Some infectious conjunctivitis cases resolve without treatment within a few days to 2 weeks but others can take up to a month. Antibiotics can shorten recovery time for bacterial conjunctivitis, and reduce the spread of infection to others.
If symptoms continue for 2 weeks or longer, the person will return to see their physician, who will reassess the condition and change the treatment.
For testing in a laboratory, the doctor may take a swab from the infected eye. Knowing what sort of bacteria causes the infection would help them to administer a suitable treatment. Most doctors, however, do not do that test.
The risk of catching or transmitting infectious conjunctivitis may be reduced with:
- not touching or rubbing the eyes
- washing the hands frequently with soap and warm water, or use hand sanitizer
- always removing contact lenses at night, and following instructions about lens hygiene
- keeping eyeglasses clean
- not sharing personal items such as towels and pillows, make up and contact lenses with other people
- using goggles in a swimming pool, and not swimming if you have an infection
It is a safe idea to throw out any contact lens solution and eye make up after the infection has gone away.
Avoiding potential or known irritants and allergens can reduce the risk of irritant and allergic conjunctivitis.
This includes ensuring that the rooms are well ventilated, cleaning and maintaining the air conditioning units, and avoiding smoky atmospheres.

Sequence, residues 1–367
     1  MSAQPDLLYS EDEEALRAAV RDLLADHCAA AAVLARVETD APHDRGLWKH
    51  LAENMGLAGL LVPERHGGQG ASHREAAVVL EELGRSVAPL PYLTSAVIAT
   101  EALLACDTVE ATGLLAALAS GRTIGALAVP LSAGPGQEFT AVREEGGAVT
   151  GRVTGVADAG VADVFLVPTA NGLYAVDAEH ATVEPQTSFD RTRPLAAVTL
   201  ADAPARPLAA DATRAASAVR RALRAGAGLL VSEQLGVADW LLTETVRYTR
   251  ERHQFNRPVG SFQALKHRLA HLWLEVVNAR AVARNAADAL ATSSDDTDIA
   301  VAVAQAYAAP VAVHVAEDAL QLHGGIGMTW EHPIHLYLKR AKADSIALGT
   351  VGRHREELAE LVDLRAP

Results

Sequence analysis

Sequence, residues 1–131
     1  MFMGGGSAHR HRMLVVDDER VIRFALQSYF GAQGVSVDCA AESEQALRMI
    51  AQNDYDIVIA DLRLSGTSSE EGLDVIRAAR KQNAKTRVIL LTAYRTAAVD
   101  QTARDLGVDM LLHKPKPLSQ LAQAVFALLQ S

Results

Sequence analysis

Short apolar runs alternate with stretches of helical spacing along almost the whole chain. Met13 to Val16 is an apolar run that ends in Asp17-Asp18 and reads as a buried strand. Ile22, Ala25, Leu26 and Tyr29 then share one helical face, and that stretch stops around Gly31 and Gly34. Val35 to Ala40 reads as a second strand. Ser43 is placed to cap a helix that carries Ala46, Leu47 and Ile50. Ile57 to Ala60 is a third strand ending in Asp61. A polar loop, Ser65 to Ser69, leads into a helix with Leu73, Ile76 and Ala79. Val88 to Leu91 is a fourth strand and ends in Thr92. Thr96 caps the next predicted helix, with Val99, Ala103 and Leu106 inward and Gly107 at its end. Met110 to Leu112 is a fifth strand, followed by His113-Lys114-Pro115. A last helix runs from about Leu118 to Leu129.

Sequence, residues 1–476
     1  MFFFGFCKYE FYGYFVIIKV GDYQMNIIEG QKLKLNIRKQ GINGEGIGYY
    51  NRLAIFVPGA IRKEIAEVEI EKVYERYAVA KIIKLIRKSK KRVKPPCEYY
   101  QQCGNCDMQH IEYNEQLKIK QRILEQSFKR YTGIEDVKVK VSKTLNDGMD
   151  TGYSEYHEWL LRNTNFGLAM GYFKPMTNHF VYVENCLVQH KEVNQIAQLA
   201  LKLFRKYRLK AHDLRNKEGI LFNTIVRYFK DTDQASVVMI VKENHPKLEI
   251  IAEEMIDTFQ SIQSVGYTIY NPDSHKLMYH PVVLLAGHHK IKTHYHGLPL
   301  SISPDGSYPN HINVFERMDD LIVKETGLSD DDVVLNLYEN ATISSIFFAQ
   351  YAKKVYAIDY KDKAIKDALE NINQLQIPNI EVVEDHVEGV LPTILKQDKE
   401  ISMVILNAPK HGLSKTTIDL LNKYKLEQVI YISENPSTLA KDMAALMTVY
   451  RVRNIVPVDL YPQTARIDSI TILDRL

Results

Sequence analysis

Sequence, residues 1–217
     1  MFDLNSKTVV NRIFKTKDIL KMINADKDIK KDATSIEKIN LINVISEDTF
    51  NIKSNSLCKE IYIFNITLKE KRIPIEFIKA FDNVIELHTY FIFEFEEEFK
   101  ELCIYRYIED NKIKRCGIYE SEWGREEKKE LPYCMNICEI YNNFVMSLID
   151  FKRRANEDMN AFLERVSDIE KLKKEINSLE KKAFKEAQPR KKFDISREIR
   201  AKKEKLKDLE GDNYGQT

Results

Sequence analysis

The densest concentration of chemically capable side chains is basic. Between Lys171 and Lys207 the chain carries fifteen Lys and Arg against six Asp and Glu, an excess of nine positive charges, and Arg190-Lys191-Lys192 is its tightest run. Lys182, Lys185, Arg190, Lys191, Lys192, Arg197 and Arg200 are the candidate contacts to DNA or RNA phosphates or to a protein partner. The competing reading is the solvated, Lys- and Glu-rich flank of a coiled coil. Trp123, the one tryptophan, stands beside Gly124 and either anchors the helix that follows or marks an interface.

The risk of bacteria or a virus causing complications caused by infective conjunctivitis is small. However, complications are likely when the pink eye is a symptom of an underlying disorder, such as a STI.
Newborns present an increased risk of complications. Infective neonatal conjunctivitis can be severe and can progress rapidly. It can impact vision in very severe cases.
Other types of bacterial conjunctivitis can, in rare cases, also cause complications to a newborn.
- Meningitis: A potentially fatal illness in which the meninges, a layer of cells that covers the brain and spinal cord, becomes infected.
- Cellulitis: A bacterial infection of the deepers layers of skin and the fat and soft tissues that are under the skin.
- Septicemia, or blood poisoning: Bacteria enter the bloodstream and attack the tissues in the body.
Most infants do, however, recover fully from infectious conjunctivitis without any complications.However, most infants make a full recovery from infective conjunctivitis with no complications.